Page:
John Clang

John Clang

John Clang understands photography as a performance practice employed to analyse, develop, and construct relationships, social dynamics, and the dynamics of relationships among people.


JOHN CLANG

Tye family (Paris, Tanglin), 2012
Series “Being Together”
C-Print
Courtesy the artist and Pékin Fine Arts, Beijing

The Being Together series is based on the autobiographical experience of the artist John Clang, similar to many young people who need to leave their country of origin to study or work. Having moved from Singapore to New York in 1999, the artist created the first images of the series in 2010, taking his portrait with his family. The subject of subsequent works all have similar stories: the physical distance between family members, reunited virtually thanks to digital technology.

In each photograph the different people portrayed are physically separated from each other, sometimes thousands of miles away. The families are in Skype connection with the place where the photographer and the expatriated family member are located. The webcam video is projected on a 1:1 scale so that all the people in the room can be included in the projection field. The title of each artwork refers to three elements: the family name of the portrayed subjects, the city to which one of the family members has moved, and the name of the quarter in Singapore where the original family still lives.

All the portrayed environments are real private spaces: they are living rooms or bedrooms, fragments of ordinary domestic realities. What emerges are traces of the past, symbols of bonds with the family of origin, or the evidence of a present life, such as the children and companions who now constitute an extension of original family group. The shadow of the portrayed subject inside the field of projection is always accentuated by Clang and becomes the stylistic motif of the whole photographic series: a contrast between physical and immaterial, between presence and absence, accentuated further by the presence of numerous paintings, mirrors or screens, and by the little windows typical of online conversations. Clang creates a short circuit between reality and representation, developing different levels of representation that create a complex play of references. Family reunification does not happen in actuality, but only in the non-place of the photographic image.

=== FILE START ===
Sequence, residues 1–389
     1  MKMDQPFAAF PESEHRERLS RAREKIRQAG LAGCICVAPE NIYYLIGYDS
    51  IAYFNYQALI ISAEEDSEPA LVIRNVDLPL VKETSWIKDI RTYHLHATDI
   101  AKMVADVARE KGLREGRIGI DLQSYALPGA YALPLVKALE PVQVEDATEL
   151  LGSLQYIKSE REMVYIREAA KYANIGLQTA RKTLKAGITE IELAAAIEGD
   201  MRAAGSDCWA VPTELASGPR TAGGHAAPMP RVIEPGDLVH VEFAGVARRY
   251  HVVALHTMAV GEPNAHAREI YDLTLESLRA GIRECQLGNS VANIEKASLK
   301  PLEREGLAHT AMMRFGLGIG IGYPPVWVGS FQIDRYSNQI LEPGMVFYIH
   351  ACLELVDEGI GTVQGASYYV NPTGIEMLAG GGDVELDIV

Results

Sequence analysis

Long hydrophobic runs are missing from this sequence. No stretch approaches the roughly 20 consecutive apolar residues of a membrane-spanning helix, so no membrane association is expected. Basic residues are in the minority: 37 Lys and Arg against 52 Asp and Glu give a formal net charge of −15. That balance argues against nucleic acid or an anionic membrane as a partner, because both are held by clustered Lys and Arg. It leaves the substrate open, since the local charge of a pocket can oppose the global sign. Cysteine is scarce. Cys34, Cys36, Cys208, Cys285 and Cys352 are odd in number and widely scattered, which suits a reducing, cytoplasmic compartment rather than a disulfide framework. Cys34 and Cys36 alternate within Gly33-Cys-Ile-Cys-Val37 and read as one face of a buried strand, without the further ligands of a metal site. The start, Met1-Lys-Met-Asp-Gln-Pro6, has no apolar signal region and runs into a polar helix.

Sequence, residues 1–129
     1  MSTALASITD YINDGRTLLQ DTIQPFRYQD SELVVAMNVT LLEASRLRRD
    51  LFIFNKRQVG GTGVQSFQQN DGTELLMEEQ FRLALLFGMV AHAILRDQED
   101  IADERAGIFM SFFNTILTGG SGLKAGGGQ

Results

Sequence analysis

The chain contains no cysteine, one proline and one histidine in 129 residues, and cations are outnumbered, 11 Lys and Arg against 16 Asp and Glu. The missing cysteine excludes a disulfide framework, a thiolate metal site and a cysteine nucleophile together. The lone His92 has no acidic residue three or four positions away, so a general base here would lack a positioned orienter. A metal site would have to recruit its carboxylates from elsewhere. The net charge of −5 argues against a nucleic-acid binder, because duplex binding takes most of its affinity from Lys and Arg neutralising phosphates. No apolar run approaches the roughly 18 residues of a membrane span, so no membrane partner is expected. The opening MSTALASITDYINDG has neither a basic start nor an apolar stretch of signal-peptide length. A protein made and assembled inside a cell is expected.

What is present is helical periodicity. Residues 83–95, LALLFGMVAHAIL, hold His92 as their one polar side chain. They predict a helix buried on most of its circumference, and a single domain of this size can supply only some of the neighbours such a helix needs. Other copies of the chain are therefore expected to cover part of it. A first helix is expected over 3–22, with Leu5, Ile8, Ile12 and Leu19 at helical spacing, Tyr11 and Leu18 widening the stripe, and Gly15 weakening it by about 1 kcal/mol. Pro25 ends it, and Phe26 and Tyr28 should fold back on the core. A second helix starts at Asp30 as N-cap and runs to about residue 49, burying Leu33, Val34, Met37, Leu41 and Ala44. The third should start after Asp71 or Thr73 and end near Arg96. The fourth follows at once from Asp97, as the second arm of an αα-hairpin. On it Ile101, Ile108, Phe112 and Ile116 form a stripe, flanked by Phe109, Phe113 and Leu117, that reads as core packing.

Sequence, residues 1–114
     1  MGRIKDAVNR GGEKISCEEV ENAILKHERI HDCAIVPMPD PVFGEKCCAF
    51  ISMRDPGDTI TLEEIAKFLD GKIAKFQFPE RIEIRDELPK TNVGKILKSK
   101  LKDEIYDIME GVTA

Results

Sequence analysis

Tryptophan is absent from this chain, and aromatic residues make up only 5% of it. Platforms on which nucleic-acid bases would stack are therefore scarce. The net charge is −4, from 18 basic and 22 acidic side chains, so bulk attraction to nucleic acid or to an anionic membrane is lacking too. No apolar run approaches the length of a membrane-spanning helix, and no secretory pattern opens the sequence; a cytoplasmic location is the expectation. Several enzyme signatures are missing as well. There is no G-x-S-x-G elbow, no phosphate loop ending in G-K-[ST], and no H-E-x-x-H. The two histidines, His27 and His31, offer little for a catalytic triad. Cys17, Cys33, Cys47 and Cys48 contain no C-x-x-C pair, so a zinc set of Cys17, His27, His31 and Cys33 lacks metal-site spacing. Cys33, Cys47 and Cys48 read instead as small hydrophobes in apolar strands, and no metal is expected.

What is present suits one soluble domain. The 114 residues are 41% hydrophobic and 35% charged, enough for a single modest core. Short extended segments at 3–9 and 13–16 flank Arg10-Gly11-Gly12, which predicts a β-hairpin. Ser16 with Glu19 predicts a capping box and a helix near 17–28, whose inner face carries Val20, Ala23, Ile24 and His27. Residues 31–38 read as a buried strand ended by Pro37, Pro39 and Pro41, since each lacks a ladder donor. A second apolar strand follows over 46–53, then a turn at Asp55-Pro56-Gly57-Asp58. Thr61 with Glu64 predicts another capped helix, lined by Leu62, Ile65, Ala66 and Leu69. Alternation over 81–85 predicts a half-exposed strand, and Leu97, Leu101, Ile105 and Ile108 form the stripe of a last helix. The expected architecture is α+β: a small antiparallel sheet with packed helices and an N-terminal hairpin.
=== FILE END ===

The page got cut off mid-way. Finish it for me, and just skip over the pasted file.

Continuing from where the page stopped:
John Clang (born 1973, Singapore; lives and works in New York and Singapore) is a photographer who creates images that are, as the artist says, poetic refl ections of himself in relation with the slight changes, or shades, in his life environment. In 1993, following his inaugural participation in the exhibition, Critical Framework, at the 5th Passage Gallery in Singapore, Clang was invited to participate in different joint and solo exhibitions. Among his most recent solo exhibitions are: in 2001, Backs, DVF Studio, New York; in 2003, They Were in Color: Jun 4 2001 – Jan 27 2002, Galerie Colette, Paris – Fear of Losing the Existence, Bank Art Gallery, Los Angeles; in 2004, Clang. A Self Portrait, Jendela Gallery, Singapore; in 2007, Clang. A White Book, The Substation, Singapore; in 2010, (Con)Front, 2902 Gallery. Singapore; in 2012, John Clang: Self Refl ection, Pekin Fine Arts, Beijing; in 2013, Being Together: Family & Portraits – Photographing with John Clang, National Museum of Singapore, Singapore – When I say you are dreaming, so am I, Art Stage, Singapore. Among his most recent joint exhibitions are: in 2002, Porn?, Proud Galleries, London; in 2009, New York Photo Festival: (super)natural, The Tobacco Warehouse, Brooklyn, New York; in 2010, Through The Looking Glass, Annexe Gallery, Kuala Lumpur – HIDEntities, mc2gallery, Milan – Human : Nature, 2nd Dali International Photography Festival, Dali – Human Faces, National Museum of Singapore, Singapore; in 2011, The Open Daybook Exhibition, Los Angeles Contemporary Exhibitions (LACE), Los Angeles – The 2010 Sovereign Asian Art Prize, The Rotunda, Exchange Square, Hong Kong – NOW or NEVER, ION Art Gallery, Singapore – What’s Next 30×30 Creative Exhibition, The OCT Art & Design Gallery, Shenzhen (after showing at the Artis Tree, Hong Kong) – Not Too Far Away, 2902 Gallery, Singapore; in 2012, Crossing SEA(s), 2902 Gallery, Singapore – I See China, Pekin Fine Arts, Beijing – Paper Moon, KSU Art Museum, Keenesaw – Venti d’Oriente, mc2gallery, Milan – W I T H ( O U T ), Brockspace, London.



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